Cross Cultural Healing
by Susan Sample

From medical and nursing service abroad, students learn that health care doesn't have to be high tech to be good.

Crossing continents as an exchange student to Kuopio, Finland, has helped Angela Parkinson BSN'97, now a registered nurse in Salt Lake City, to practice across cultures with sensitivity and respect. "I love to travel, and I was interested in seeing how socialized medicine worked, how the quality of care compared to ours," says Parkinson, who spent the fall quarter of her senior year at the Mikkeli Polytechnic School of Health Care. She returned to Utah with far more than knowledge of another health-care system: "It was more personal. I learned to respect individuals from different cultures and the reasons why they do some things differently."

At first, Parkinson found the silence of the Finnish people disconcerting. Although most speak English, some hesitated conversing with her. As she accompanied public health nurses on home visits, she realized that Finns are "a shy, quiet people. I learned to respect not saying anything at all."

As a nurse at Primary Children's Medical Center, Parkinson often cares for Native American infants. "The fathers don't look at you directly. It's a little uncomfortable when you're used to someone looking into your eyes and understanding what you say," she explains. "But I know they're not being disrespectful. It's their culture."

Programs in transcultural nursing and medicine at the U provide opportunities for students to provide service abroad while enhancing their skill and practice. "To read about and to listen to other people talk about different cultures doesn't give you the full picture," says Dr. John C. Christenson, professor and chief of the Division of Pediatric Infectious Diseases at the School of Medicine, who coordinates an exchange program to Guatemala. "You definitely have to live in another culture to understand it."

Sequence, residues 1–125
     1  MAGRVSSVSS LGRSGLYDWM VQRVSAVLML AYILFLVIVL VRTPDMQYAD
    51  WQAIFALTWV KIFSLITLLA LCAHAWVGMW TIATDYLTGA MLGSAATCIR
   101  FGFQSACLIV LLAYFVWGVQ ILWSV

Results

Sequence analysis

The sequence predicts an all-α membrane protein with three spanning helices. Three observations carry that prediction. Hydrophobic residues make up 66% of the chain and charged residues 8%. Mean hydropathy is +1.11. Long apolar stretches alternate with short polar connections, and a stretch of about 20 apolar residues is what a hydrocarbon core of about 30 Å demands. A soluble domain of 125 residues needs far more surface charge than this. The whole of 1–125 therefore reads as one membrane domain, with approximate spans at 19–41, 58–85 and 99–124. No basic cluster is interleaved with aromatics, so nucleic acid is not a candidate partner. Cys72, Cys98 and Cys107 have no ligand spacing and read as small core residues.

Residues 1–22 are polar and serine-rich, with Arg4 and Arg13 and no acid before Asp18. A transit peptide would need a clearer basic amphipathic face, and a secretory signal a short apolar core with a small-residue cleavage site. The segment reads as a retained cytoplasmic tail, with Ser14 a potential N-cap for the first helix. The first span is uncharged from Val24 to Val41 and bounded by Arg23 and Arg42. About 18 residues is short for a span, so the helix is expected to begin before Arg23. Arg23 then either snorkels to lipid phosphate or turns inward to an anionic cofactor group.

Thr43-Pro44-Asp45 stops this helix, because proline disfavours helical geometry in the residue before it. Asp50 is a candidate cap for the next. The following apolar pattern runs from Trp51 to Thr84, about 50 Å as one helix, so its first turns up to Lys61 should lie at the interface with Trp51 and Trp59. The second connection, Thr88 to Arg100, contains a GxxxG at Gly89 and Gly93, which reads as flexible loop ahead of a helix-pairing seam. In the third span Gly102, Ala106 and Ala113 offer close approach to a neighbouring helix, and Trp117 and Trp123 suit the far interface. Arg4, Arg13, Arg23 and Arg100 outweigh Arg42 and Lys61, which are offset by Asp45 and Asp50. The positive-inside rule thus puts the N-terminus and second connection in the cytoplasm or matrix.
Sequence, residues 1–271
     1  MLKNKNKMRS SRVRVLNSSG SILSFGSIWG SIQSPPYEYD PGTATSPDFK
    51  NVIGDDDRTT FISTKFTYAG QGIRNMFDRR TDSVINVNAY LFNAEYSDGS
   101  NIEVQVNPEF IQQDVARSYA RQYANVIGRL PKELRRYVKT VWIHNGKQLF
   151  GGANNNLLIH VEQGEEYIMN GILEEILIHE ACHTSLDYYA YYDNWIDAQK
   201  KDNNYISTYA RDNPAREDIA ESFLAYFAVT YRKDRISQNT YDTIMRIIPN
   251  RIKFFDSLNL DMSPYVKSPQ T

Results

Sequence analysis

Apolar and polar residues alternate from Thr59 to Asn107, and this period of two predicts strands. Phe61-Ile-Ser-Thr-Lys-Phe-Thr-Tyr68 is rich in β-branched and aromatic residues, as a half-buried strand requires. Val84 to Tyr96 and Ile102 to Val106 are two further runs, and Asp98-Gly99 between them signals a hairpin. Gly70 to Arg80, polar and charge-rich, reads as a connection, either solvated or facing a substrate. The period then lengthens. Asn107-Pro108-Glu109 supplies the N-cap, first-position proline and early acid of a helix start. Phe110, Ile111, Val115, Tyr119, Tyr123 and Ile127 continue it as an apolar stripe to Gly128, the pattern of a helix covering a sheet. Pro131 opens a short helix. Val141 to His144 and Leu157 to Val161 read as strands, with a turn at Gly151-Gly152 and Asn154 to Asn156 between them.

For fourth-year medical students who fulfill one of their electives in Central America, the "full picture" includes the realization that medical care doesn't have to be high tech to be good. "Our medical students will see tropical diseases not traditionally seen in the United States, as well as problems associated with malnutrition and poor sanitation," says Christenson. But more importantly, "they're working with physicians in Guatemala who are as knowledgeable as doctors in the United States, but who are limited by a lack of resources and technology. These physicians have to rely on skills you don't use as much here physical diagnosis and they provide good care. That's the most beneficial part for the medical students to see. We don't have MRIs [magnetic resonance imaging, a diagnostic tool] in every rural clinic in Utah."

Since 1991, three to four Utah medical students every year have participated in the foreign study program. Students spend four to six weeks in Guatemala City at the San Juan de Dios Hospital, which includes a pediatric hospital. They observe, but provide limited hands-on patient care, since the University's malpractice insurance doesn't cover them abroad, according to Christenson. The Guatemalan pediatric residents who spend three months fulfilling clinical rotations in Salt Lake City are only observers.